This time of year, when the inland air often pushes thermometers past 100, Kendra Bourguignon's morning routine becomes a kind of barometer of changing expectations.
At 6 a.m., she drops her children off at her parents' Arcadia house on her way to work. Stepping into the living room, she walks right into a generation gap. "They have no central air conditioning, only a wall unit that they don't want to use, so they sleep downstairs on two love seats, one on one, one on the other, with their legs hanging over the side," she said, tickled by her folks' behavior.
Bourguignon, 31, has been living without air conditioning in her 1917 Monrovia bungalow, but only because a major renovation is not yet completed. The plans include central air, which she plans to "keep at a nice, steady temperature, like maybe 72 degrees."
When she picks her kids up in the afternoon, she sees the other side of the divide. "The first thing they say when they get in the car is, 'Turn on the air conditioner, Mom!' "
In less than a generation, climate control is becoming nearly universal, with air conditioning in 72% of American homes, even in the vast majority of households with incomes of less than $25,000.
Once a luxury, it is now demanded as a right by parents seeking it for their children's schools, or expected like plumbing by those buying a new house.
This June, more central air conditioners were sold nationwide than in any month ever, according to the industry trade group. As they crank out the cool air, they increasingly shape how and where we live, and just how much we're willing to accept from Mother Nature.
Bourguignon's father, Harold "Hink" Hinkle, keeps two fans running in his home office during the day. He doesn't think central air is worth the cost of installing ducts in his 1946 house, and he has philosophical reservations as well.
Hinkle, 60, is wary of the idea that life's discomforts can be dismissed with the flip of a switch or turn of a knob. "In the summer, when it's hot, it's supposed to be hot. You accept it and live with it," he said.
But the number of folks who share Hinkle's resolve is dwindling. Central air conditioning is now included in about 80% of new homes in California, according to Gopal Ahluwalia, research director for the National Assn. of Home Builders.
It wasn't always so. Indeed, most adults can remember life before the big chill. It was only in the mid-1970s that more than half of American homes got air conditioning, and the majority of new homes didn't have central systems until 1977.
Westerners are not as beholden to air conditioning as those in more oppressive climes, according to the federal Energy Information Administration. In the South, for instance, 58% of households with air conditioning run them all summer, while only 17% of those in the West run them constantly through the season. Twenty-two percent of Midwesterners indulge in air conditioning every day during the summer.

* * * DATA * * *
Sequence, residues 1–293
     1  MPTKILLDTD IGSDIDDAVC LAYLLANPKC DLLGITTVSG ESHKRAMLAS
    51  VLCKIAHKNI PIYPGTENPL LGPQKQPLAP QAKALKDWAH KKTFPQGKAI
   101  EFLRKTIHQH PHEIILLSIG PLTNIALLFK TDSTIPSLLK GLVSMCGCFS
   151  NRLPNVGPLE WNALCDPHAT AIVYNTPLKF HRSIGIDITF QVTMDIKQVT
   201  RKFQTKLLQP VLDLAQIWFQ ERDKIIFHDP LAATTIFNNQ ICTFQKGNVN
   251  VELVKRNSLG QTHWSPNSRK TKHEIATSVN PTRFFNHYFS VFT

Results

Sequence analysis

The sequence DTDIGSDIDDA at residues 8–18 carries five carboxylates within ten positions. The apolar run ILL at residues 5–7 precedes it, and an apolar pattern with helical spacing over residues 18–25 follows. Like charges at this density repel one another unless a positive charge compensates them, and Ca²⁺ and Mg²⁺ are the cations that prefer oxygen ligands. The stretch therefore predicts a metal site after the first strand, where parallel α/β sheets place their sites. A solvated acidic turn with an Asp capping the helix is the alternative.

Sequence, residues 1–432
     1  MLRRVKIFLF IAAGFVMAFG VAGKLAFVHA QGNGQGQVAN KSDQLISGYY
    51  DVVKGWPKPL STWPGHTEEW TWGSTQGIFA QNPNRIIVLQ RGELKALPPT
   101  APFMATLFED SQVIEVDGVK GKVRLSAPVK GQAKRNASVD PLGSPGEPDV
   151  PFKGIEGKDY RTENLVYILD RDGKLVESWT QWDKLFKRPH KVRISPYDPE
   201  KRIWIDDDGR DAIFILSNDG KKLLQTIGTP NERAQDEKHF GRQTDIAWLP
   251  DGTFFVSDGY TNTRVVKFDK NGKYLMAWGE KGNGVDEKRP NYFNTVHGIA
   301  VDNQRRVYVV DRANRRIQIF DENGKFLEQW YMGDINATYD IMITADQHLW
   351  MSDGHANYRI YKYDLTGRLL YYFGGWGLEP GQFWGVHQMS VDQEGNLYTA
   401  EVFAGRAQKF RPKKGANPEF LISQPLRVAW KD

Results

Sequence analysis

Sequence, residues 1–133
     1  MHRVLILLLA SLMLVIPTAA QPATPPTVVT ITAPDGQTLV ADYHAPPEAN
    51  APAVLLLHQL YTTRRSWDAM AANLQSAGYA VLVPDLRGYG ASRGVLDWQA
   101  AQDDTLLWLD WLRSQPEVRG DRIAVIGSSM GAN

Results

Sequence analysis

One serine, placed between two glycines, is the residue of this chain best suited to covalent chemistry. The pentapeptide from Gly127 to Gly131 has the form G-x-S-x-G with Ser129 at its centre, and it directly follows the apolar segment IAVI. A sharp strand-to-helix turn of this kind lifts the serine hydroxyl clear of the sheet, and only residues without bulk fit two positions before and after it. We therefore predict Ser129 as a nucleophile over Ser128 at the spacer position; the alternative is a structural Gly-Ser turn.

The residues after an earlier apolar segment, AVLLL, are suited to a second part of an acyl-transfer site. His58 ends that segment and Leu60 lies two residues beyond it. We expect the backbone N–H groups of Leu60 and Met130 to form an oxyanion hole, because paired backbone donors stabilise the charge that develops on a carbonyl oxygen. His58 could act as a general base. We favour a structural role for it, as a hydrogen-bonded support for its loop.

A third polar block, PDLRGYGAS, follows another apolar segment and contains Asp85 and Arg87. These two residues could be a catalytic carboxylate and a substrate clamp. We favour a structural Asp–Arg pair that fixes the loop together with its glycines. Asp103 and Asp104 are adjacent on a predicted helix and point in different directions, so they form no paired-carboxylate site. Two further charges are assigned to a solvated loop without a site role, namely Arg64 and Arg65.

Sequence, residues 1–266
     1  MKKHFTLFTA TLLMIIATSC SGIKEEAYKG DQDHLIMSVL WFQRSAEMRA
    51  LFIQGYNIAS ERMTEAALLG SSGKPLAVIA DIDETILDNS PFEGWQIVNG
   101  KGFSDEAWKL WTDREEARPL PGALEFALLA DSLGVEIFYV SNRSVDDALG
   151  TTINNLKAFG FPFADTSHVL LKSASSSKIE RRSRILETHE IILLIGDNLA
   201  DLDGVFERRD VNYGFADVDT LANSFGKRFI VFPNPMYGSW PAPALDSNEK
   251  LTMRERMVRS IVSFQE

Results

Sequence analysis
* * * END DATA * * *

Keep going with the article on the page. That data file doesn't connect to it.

Whether you have air conditioning--and how much you use it--can depend on your pocketbook, your tolerance for 100-degree temperatures and even your conservation ethics. But in a region where balmy and blistering climates are only a half-hour drive apart, the biggest motivator is where you live.
In the Burbank area served by Edison International, about 70% of households are air-conditioned, while in Edison's Long Beach service area only about 35% of homes are similarly equipped, according to Glen Sharp, an analyst for the California Energy Commission.
Today is expected to be just the kind of day where air conditioning will be welcomed.
Temperatures should rise after a hot Sunday, according to WeatherData, Inc., which provides weather information for The Times. Meteorologist Wes Etheredge predicted that early morning patchy clouds would give way to a hot sunny day, with temperatures expected to reach the upper 70s on the coast and possibly 110 degrees in the San Fernando Valley, inland Orange County and San Bernardino. At the Civic Center in downtown Los Angeles, Etheredge predicted the temperature would climb to the mid-90s.
Temperatures Sunday ranged from 69 degrees in Santa Monica to a scorching 103 in Chatsworth and Monrovia. In downtown Los Angeles, it was 90.
For many Southern Californians, air conditioning is an on-again, off-again affair. "It's a complex relationship. Love it, hate it, that sort of thing," said Edina Lundgren, 35. "In July, it's boiling, so I run the air conditioner every day, most of the day. Then I get the July electric bill, and wonder what I was thinking. It never seems worth it then," she said.
John Ballance, a manager at Edison, said that summer power use tends to peak in the third or fourth day of a heat wave. Last week, for example, power demand was at its highest on Tuesday, the third day of the hot spell.